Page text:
Dr. Difkind said there would one day be a way to keep track of the ever-changing origin of the Pulse. This footnote in his research was quickly forgotten (I don't need to tell you it was forgotten on purpose, do I?), but there is a movement—a small one, but a movement nonetheless—to resurrect Difkind's methods so that we may prepare ourselves more rigorously for whatever may arrive.

But I say, as my children do, that imagination is the only thing that is to be prepared rigorously, and that is all.

And so the time finally came after many dark weeks breathing frozen, smoky air. It culminated in a feverous, bustling last week of hurried meetings—as if the people greeting each other had only seconds to do so and would link up with them via horsehair at some later time—perhaps after the Pulse but not now, for heaven's sake, not now, we'll see you after the Pulse.

After the Pulse. There would be an after. That there had been so many afters since the first Pulse was cause for much joy.

And so my children went to the Difkind spot and joined the rest of the folks who stood around all wrapped up in layers like fat pastries. And as they waited, wind-blown, red-cheeked yet hot in their clothes, some of them sang, and the song caught on the way the tops of trees catch on to the song of a gale.

And the Pulse came.

As it had in the past, it started with a point. A dot of something in the few micrometers of space between the two metal plates. As the plates automatically collapsed on the instant amid a suppressed cheer, the dot swelled into a sphere until it reached the Difkind radius.

And what was to come through, came through.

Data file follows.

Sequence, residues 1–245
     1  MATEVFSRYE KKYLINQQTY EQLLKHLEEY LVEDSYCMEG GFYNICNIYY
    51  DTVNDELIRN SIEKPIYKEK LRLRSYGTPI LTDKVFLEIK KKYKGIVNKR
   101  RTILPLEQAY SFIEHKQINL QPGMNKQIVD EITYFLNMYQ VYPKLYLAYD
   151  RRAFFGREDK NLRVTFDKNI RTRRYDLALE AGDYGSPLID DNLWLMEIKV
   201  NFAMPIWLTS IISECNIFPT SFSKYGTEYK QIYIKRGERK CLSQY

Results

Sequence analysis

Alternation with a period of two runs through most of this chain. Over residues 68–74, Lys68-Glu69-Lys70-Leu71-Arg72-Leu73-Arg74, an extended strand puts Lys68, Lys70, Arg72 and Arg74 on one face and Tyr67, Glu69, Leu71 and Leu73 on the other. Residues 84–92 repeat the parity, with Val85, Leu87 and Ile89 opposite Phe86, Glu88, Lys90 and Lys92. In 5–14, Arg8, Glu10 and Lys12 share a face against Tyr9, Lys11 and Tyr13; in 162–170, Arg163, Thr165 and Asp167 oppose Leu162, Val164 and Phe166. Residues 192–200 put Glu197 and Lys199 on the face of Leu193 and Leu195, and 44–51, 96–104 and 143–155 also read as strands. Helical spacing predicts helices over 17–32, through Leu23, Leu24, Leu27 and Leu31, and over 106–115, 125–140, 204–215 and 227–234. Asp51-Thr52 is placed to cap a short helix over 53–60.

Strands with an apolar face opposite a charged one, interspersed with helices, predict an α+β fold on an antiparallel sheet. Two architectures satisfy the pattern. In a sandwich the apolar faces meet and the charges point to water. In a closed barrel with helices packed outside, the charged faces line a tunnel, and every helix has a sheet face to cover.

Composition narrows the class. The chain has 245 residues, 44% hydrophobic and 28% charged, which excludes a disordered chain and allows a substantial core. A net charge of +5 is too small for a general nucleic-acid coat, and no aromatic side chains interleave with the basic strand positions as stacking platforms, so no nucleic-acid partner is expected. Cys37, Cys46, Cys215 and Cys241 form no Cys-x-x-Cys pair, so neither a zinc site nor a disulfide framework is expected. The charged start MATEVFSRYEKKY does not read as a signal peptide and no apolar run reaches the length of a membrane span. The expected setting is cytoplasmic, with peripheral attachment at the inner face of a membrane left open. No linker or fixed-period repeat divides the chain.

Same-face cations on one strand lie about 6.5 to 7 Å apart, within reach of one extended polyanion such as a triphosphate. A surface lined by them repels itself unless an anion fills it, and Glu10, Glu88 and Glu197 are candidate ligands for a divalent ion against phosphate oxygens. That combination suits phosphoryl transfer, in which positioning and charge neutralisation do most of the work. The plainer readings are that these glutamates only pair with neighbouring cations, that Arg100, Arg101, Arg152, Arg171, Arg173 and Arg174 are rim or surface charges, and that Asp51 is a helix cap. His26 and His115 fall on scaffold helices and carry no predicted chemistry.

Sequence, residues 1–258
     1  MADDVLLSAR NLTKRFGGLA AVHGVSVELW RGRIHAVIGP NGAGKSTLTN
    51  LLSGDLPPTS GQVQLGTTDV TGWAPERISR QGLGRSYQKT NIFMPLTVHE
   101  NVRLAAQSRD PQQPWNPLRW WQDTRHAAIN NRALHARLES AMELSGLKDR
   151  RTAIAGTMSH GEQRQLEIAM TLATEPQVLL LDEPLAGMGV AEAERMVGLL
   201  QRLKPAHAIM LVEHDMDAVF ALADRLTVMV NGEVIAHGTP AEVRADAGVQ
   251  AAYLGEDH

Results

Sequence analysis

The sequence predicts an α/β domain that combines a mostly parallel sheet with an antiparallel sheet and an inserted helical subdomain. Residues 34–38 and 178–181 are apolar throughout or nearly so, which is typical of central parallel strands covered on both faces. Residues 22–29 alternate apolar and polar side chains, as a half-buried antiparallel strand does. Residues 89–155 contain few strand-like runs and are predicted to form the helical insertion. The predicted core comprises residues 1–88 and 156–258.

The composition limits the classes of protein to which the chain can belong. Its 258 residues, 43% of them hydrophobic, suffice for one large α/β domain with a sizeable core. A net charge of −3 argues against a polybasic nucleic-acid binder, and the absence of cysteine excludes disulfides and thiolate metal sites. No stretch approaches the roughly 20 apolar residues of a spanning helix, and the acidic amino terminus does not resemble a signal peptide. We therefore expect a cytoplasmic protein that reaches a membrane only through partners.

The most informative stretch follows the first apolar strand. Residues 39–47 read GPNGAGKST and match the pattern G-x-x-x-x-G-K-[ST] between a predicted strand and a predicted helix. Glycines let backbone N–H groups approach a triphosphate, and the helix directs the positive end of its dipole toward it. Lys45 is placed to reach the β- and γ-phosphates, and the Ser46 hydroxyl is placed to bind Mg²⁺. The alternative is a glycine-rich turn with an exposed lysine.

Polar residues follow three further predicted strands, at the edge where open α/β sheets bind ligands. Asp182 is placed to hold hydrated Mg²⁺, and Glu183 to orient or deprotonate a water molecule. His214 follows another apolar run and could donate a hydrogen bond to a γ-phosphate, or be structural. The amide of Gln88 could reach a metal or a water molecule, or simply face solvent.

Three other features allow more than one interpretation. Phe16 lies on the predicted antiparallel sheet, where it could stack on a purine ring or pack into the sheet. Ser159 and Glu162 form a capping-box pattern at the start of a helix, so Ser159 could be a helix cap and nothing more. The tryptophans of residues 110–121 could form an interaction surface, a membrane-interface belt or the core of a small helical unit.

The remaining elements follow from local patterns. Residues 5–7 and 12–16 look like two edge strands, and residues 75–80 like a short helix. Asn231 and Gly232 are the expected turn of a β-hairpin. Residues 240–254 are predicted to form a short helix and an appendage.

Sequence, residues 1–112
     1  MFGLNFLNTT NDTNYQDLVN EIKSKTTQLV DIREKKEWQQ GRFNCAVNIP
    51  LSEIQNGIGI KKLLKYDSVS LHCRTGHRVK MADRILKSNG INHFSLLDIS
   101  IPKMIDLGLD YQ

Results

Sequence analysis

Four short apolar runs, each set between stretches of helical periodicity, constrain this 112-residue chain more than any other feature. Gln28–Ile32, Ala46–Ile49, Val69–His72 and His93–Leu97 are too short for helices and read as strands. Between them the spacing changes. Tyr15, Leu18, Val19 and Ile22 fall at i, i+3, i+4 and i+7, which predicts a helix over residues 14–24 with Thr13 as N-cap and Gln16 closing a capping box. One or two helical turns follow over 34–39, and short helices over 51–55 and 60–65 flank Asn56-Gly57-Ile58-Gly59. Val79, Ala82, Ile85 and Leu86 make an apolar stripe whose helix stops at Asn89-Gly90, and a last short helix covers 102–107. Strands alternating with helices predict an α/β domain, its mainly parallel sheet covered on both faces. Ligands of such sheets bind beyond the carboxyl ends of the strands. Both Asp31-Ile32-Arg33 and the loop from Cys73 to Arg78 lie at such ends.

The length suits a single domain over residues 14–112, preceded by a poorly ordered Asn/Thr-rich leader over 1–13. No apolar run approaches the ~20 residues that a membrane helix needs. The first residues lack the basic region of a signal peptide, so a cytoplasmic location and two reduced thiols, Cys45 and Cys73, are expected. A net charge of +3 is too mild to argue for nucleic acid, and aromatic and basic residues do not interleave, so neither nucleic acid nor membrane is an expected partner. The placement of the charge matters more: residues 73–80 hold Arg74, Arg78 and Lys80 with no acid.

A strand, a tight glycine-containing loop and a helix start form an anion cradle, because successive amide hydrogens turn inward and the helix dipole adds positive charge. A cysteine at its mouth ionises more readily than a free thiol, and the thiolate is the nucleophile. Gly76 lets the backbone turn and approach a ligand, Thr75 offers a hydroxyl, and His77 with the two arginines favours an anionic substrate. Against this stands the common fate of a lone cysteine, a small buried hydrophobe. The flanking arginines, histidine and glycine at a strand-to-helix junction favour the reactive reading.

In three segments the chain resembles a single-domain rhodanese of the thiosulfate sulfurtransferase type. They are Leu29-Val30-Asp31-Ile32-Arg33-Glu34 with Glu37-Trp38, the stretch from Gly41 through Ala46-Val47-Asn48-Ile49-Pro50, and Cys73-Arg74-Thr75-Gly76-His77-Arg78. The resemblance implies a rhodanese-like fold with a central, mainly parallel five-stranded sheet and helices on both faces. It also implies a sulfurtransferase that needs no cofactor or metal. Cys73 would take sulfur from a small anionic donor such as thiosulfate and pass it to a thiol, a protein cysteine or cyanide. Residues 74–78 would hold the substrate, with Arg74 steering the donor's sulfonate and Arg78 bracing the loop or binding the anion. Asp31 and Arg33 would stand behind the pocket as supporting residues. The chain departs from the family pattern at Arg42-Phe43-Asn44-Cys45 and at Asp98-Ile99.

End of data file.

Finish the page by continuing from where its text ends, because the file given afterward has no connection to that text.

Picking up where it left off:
An influx of briny-smelling things with many segmented legs, each rippling body the size and color of a walnut. Within minutes, a smell like a stray dog steeped in pickle juice pervaded the entire area. The crowd moved like a receding tide to allow them entrance into our world.

Some of the things expired quickly. Somewhere on our planet was a place capable of sustaining them, which is why the Pulse chose Earth over anywhere else. They would find that place soon. But it was necessary for the weaker ones to die off quickly due to their inability to adapt. Better for their future and ours. Some people in the crowd wept for them. Some of the more adventurous bared their arms and touched the frozen ground, inviting the surviving ones to scuttle up and nestle flat against steaming skin.

A few stayed and broke out in song. The rest dispersed and left the skittering things to find their way in the cold. That was the Pulse that year.

We welcomed our boy and girl back into the warmth and comfort of home, and after they'd unwrapped themselves they came to us. And we held them as they shook with sobs, and we didn't think of letting go.

The next night they downloaded some stuff about the ancient rites of Christmas. It was hard not having a horsehair strand to connect with them. And it was harder to consider the fact that some of the information might have been kept in mind and not shared aloud. But they told us some things about it. And we sipped our chocolate and laughed and cried around a ceremonial conifer, its trunk smooth and striped with oily black.

O Holy Night
Originally published online April 15, 2009

Paul Lorello is a freelance writer from Ronkonkoma, New York. His fiction has appeared in Big Pulp, Big Pulp’s Kennedy Curse and Black Chaos: Tales of the Zombie antholgoies, Membrane, and Pseudopod. In 2014, the Pseudopod podcast of Paul’s story, “Growth Spurt”, was chosen as the winner of the coveted Parsec Award for Best Speculative Fiction Story, Short Form. Paul lives with three quadrupeds and one biped and knows very little about everything.